Coming up short: Identifying substrate and geographic biases in fungal sequence databases

first_imgInsufficient reference database coverage is a widely recognized limitation of molecular ecology approaches which are reliant on database matches for assignment of function or identity. Here, we use data from 65 amplicon high-throughput sequencing (HIS) datasets targeting the internal transcribed spacer (ITS) region of fungal rDNA to identify substrates and geographic areas whose underrepresentation in the available reference databases could have meaningful impact on our ability to draw ecological conclusions. A total of 14 different substrates were investigated. Database representation was particularly poor for the fungal communities found in aquatic (freshwater and marine) and soil ecosystems. Aquatic ecosystems are identified as priority targets for the recovery of novel fungal lineages. A subset of the data representing soil samples with global distribution were used to identify geographic locations and terrestrial biomes with poor database representation. Database coverage was especially poor in tropical, subtropical, and Antarctic latitudes, and the Amazon, Southeast Asia, Australasia, and the Indian subcontinent are identified as priority areas for improving database coverage in fungi. (C) 2018 Elsevier Ltd and British Mycological Society.last_img read more

Villager fakes death to circumvent India’s virus lockdown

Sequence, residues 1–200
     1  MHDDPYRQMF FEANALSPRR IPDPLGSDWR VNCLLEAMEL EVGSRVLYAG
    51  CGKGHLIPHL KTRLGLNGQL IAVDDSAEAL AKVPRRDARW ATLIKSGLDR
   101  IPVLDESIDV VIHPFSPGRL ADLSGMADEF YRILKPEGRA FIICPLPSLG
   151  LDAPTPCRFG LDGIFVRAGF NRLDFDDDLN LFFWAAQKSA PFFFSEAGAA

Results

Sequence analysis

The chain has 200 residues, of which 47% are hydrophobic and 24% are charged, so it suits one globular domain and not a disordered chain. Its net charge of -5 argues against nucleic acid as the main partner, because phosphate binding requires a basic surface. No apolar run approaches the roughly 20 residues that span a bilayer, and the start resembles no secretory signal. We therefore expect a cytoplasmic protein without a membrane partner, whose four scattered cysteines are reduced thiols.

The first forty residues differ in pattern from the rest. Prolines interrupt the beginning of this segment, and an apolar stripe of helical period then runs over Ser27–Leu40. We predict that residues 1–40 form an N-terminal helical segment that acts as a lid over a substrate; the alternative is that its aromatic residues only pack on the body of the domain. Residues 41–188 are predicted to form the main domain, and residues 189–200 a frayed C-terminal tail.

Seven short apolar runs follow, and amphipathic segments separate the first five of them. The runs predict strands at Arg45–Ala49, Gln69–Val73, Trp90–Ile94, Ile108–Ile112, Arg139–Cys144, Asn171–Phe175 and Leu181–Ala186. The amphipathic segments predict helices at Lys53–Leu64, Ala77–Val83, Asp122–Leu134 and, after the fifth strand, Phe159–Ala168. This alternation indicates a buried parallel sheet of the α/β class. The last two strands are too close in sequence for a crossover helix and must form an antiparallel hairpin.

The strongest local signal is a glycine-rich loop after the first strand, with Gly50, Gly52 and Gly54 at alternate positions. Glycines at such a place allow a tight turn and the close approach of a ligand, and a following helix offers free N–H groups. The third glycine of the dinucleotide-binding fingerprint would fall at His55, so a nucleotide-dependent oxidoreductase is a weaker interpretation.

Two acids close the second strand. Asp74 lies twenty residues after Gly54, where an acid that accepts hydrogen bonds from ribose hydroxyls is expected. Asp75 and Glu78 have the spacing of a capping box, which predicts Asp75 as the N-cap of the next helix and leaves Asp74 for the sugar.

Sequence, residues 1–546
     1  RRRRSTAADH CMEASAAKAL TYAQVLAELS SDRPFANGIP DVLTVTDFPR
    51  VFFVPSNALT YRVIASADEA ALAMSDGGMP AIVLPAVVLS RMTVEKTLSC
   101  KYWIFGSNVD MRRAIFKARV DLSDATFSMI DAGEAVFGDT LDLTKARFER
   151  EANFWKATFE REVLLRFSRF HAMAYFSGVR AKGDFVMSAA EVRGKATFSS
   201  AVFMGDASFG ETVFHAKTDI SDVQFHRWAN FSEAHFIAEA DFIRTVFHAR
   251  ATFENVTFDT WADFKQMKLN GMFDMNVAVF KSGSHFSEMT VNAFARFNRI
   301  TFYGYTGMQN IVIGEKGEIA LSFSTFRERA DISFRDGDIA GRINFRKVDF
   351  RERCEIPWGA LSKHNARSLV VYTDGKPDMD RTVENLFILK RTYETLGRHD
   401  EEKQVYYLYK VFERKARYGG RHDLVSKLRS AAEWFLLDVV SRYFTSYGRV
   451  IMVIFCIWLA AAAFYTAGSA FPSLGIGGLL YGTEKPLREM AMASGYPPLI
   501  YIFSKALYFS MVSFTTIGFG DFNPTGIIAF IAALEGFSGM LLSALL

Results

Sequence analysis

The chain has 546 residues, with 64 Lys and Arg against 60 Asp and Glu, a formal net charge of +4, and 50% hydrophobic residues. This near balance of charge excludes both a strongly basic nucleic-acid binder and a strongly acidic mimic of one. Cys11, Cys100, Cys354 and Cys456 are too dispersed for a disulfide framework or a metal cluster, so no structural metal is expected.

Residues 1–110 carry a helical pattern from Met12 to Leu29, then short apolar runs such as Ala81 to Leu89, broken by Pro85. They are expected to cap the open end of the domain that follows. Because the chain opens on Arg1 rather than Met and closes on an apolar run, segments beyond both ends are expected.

first_imgThe region’s Superintendent of Police, Ramesh Angral, said the four men and the driver travelled more than 160 kilometers in the ambulance, passing many checkpoints using a fake death certificate from the hospital.”The ambulance was stopped at the last checkpoint before they could reach home,” Angral told AFP.”A policeman there immediately figured out that the man lying covered inside the ambulance could not be dead.”The men were arrested and quarantined separately, Angral said, adding that they faced charges of “cheating and defying the government’s prohibitory orders”. A Kashmiri villager faked his death and travelled more than a hundred miles in an ambulance with four others in a desperate bid to circumvent India’s virus lockdown and return home, police said Wednesday.Hakim Din was being treated for a minor head injury at a hospital in Jammu when an ambulance driver suggested the 70-year-old fake his death to get past checkpoints, police said.Din and three other men wanted to return to Poonch, a far-flung region in Indian-administered Kashmir close to the de facto border with Pakistan. There are no known coronavirus cases in the Poonch region.India imposed a 21-day nationwide lockdown from last Wednesday to fight the spread of the coronavirus pandemic.There are more than 1,600 cases, including 38 deaths, in the vast nation of 1.3 billion people, according to the government.The nationwide lockdown comes in the wake of a long-running curfew in Kashmir, imposed as New Delhi scrapped the restive region’s semi-autonomous status on August 5.Some aspects of the curfew were gradually eased in the following months, allowing Kashmiris to travel outside their homes and villages.But some Kashmiris have been left stranded in cities and unable to return home to their villages after the sudden nationwide lockdown announcement.Internet access, which was cut in the earlier lockdown, has remained severely restricted with only 2G access.Many mobile phone users have also been unable to access the internet on their devices.center_img Topics :last_img read more